The captions for the book’s sixty-three photographic plates are in Norwegian, a language Helguera doesn’t speak or read, but rather than surrender their meaning to the unintelligible aftermath of Babel, he decided to knowingly mistranslate them, giving a new spin on the idea of creative misinterpretation, “suggested by the image and imagined sound of the printed words.”

Each of the framed works in the installation contains a plate from the book on the right and Helguera’s fabricated caption on the left. One particularly fractious verse goes like this:

Flies by foot. The wilderness scalps its flight.
Full of hours, usually to the north. It strengthens its foreground as it sees its idleness, its background breaking loose.
It forgets its own image.

In smaller accompanying installation in the same space, used books and translation meet autobiography in a circular tale reminiscent of the eerie connections drawn in the “Conservatory of Dead Languages,” where the last speakers of Eyak and Yaghan, both elderly women, were found at the beginning and the end of the artist’s trip, at the top and the bottom of the world.

Pablo Helguera, "On the Future of Art" (2013). Mixed media installation. Dimensions variable.
Pablo Helguera, “On the Future of Art” (2013). Mixed media installation. Dimensions variable.

In “On the Future of Art “(2013), through printed texts Helguera relates his encounter as an adolescent with the Spanish translation of the book On the Future of Art (1969), edited by then-Guggenheim curator Edward F. Fry, who later resigned in protest when Hans Haacke’s 1971 solo show at the museum, which he had organized, was canceled.

The book introduced the young Helguera to the work of Haacke, Dennis Oppenheim, Robert Morris and other conceptual and minimalist artists, setting him on the path he follows today. Fry had compiled the book from a lecture series he coordinated for the museum and — long story short — after Helguera makes his way to New York to pursue his career as an artist, he was hired by the Guggenheim to manage its public programs and lectures — the same job held by Fry.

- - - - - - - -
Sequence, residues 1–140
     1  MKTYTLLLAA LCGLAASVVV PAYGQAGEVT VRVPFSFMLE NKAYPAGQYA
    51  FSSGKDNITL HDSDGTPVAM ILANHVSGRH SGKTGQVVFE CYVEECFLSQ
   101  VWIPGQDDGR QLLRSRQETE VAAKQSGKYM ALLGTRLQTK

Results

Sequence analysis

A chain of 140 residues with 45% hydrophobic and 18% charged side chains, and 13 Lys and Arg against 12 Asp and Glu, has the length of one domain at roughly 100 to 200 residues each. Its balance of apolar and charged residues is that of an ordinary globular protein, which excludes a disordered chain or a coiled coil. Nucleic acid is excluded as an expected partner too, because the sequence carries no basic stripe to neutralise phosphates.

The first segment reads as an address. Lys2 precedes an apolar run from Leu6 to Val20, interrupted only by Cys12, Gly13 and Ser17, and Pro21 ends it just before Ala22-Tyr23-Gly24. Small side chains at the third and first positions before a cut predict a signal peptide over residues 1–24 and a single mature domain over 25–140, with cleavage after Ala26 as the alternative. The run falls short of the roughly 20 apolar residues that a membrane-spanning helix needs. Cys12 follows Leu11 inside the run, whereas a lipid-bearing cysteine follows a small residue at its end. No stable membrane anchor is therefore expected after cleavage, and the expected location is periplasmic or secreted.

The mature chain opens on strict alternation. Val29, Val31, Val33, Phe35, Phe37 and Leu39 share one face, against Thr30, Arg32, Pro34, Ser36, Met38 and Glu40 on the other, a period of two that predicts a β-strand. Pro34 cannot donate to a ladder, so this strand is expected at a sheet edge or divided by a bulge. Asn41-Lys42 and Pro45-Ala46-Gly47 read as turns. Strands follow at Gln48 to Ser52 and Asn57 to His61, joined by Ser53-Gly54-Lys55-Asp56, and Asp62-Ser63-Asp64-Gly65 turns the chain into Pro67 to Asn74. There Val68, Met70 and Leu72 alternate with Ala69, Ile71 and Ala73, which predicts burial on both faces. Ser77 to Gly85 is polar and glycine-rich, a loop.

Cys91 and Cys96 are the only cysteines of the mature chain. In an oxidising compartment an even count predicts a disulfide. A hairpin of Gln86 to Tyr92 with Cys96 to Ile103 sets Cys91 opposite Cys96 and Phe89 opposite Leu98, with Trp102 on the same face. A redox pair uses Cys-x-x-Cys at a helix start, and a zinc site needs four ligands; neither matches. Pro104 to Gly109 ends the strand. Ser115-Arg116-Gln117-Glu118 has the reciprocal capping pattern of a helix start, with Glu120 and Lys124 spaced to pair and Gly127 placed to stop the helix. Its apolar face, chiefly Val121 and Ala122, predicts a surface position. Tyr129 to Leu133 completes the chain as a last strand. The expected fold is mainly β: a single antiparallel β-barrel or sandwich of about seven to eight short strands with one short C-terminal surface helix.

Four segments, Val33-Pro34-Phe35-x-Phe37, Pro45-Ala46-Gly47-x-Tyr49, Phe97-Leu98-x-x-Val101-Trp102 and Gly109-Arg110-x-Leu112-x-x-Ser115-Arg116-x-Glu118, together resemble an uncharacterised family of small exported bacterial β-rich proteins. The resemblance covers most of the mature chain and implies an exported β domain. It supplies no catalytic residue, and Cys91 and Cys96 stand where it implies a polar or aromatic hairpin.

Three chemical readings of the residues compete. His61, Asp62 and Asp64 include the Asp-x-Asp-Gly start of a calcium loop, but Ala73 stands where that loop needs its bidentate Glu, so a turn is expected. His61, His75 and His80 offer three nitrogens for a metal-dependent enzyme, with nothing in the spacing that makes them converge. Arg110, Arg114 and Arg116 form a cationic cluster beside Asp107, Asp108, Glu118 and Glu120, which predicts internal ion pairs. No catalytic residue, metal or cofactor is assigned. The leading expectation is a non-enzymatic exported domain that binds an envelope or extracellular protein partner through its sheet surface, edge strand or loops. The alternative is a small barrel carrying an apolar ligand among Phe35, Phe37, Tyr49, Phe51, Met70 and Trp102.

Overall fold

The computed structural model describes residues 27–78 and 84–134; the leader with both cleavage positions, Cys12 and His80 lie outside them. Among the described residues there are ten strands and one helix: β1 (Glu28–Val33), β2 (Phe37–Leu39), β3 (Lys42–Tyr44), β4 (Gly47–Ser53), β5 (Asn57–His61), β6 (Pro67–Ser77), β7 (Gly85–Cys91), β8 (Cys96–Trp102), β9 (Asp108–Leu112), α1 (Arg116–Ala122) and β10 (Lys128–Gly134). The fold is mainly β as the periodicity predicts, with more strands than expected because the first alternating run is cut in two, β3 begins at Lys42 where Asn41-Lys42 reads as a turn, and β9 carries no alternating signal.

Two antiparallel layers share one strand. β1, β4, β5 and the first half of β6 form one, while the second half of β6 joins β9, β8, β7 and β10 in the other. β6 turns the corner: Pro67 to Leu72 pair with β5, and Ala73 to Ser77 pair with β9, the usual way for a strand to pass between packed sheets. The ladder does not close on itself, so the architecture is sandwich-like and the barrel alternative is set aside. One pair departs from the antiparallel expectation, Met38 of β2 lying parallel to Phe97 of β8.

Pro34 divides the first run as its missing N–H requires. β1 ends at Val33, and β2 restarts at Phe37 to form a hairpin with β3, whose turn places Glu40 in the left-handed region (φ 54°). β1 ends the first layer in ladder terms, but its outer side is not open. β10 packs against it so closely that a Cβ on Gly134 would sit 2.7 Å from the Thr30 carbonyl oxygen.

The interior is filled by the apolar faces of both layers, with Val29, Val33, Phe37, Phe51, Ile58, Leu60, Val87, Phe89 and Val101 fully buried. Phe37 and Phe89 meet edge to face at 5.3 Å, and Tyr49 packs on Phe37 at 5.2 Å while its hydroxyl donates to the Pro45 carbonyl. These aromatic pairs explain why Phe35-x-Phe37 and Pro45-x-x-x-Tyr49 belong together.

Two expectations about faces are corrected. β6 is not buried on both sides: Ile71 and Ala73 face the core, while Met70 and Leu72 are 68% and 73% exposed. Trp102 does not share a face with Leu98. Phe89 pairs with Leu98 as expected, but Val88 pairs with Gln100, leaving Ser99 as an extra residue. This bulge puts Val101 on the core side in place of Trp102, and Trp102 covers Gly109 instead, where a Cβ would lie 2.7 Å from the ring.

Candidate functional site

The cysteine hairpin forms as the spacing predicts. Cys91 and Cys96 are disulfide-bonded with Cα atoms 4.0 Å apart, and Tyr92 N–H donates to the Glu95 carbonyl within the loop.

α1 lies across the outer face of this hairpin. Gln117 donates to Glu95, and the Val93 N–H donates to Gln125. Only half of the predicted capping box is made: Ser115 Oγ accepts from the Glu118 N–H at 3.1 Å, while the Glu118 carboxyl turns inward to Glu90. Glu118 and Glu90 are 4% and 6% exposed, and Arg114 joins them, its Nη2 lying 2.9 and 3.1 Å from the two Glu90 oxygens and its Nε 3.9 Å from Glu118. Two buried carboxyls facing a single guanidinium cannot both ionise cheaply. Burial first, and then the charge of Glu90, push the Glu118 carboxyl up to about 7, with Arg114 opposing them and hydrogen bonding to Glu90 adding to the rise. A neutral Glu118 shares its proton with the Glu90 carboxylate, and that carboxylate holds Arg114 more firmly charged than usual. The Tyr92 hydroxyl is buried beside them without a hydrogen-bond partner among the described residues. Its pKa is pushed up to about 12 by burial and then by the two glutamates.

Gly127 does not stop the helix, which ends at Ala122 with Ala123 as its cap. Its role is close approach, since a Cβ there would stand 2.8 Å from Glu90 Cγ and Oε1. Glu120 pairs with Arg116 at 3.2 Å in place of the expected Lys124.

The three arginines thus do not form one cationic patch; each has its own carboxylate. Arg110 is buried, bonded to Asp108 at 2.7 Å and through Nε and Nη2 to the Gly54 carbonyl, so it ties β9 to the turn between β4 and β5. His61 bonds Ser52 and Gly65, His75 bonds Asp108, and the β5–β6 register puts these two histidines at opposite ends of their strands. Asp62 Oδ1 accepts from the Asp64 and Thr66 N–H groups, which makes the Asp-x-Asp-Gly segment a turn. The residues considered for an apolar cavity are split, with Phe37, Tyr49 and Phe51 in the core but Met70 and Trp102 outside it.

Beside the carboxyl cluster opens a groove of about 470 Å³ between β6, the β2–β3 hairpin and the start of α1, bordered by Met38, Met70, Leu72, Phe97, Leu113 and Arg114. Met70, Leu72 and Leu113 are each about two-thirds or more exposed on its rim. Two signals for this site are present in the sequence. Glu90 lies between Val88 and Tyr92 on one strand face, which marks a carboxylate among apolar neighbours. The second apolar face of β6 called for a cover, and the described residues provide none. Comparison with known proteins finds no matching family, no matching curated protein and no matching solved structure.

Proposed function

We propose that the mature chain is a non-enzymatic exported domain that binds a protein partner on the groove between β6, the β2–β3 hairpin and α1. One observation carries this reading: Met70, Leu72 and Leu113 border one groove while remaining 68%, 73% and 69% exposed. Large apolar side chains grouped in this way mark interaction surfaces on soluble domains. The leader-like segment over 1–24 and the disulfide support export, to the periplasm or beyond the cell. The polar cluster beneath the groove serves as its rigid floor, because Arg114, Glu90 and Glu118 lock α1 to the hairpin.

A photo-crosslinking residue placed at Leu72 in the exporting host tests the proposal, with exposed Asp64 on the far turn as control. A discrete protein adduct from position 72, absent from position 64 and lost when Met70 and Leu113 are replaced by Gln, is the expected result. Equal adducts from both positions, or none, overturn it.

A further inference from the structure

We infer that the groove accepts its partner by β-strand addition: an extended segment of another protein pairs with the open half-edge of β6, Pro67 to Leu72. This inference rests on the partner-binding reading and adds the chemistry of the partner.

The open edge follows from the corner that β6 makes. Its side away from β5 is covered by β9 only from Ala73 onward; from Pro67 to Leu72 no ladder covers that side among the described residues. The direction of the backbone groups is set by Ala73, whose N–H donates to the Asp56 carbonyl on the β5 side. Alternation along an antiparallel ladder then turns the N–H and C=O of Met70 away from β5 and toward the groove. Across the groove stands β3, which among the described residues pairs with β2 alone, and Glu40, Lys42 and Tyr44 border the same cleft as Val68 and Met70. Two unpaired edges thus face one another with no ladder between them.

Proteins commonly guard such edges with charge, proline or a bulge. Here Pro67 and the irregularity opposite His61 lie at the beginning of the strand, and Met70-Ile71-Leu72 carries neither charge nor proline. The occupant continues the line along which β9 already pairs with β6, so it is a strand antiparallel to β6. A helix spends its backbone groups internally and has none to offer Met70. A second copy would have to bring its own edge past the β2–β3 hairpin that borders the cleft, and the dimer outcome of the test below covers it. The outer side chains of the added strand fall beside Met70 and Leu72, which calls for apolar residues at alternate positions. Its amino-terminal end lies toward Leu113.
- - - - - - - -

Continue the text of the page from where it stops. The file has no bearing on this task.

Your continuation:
The experience of these diverse projects is enhanced by an installation in a far room titled “Canon” (2013), a two-channel video on the Italian tenor Enrico Caruso (1873–1921), with one screen showing interiors of the Enrico Caruso Museum, a personal shrine created by a first-generation Italian-American in his Brooklyn home, and the other presenting a very long take of Caruso’s great-grandson, Riccardo Caruso, also a singer, who is seen sitting very still (and occasionally blinking) as if for a painter’s portrait.

Pablo Helguera, "Canon" (2013). Two-channel video. Dimensions variable.
Pablo Helguera, “Canon” (2013). Two-channel video. Dimensions variable.

The striking resemblance between great-grandfather and great-grandson, which Helguera discovered through a photo of Riccardo at the Caruso Museum, prompted the artist to track him down in Florence.

The recorded human voice, which plays a pivotal role in the “Conservatory of Dead Languages,” was something Caruso knew how to exploit from the technology’s infancy, turning himself into, as the press release notes, “the first global recording star and the first artist to sell a million records.”

And we hear those recordings throughout the length of the video — arias resonating across the exhibition’s alienations, misapprehensions and dislocations with a golden sumptuousness and warmth. No translation necessary.

Pablo Helguera: Librería Donceles continues at Kent Fine Art (210 Eleventh Avenue, 2nd floor, between 24th & 25th Streets, Chelsea, Manhattan) through November 8.